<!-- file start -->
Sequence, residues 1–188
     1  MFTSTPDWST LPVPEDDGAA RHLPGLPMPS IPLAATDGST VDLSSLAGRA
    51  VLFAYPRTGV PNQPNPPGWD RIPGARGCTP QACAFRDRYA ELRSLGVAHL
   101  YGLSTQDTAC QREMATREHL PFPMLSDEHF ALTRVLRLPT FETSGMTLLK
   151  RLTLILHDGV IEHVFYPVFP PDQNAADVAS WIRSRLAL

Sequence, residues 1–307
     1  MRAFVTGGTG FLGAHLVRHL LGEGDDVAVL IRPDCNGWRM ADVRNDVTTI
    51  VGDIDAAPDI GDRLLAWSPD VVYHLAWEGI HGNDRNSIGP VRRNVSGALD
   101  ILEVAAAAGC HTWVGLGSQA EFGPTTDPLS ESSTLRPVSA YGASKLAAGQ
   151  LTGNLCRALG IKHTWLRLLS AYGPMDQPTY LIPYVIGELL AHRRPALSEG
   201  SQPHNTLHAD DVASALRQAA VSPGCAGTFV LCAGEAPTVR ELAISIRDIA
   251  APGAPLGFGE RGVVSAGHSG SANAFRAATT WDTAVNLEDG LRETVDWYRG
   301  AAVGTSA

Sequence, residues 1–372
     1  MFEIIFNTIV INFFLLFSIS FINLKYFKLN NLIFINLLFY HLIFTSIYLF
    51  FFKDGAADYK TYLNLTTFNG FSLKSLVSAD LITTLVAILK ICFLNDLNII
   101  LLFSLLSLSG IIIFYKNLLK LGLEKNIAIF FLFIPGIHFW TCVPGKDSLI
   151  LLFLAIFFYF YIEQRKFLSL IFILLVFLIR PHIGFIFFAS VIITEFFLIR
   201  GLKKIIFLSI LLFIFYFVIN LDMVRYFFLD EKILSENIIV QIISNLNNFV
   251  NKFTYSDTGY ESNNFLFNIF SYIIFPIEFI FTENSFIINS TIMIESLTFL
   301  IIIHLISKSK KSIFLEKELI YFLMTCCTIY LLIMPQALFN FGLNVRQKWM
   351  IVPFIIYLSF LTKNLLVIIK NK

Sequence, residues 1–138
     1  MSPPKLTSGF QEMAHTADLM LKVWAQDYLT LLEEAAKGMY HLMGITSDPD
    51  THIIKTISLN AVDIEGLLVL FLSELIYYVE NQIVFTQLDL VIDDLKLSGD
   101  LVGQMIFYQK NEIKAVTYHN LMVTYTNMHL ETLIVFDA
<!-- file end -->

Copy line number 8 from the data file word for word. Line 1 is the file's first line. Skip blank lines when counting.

    51  VGDIDAAPDI GDRLLAWSPD VVYHLAWEGI HGNDRNSIGP VRRNVSGALD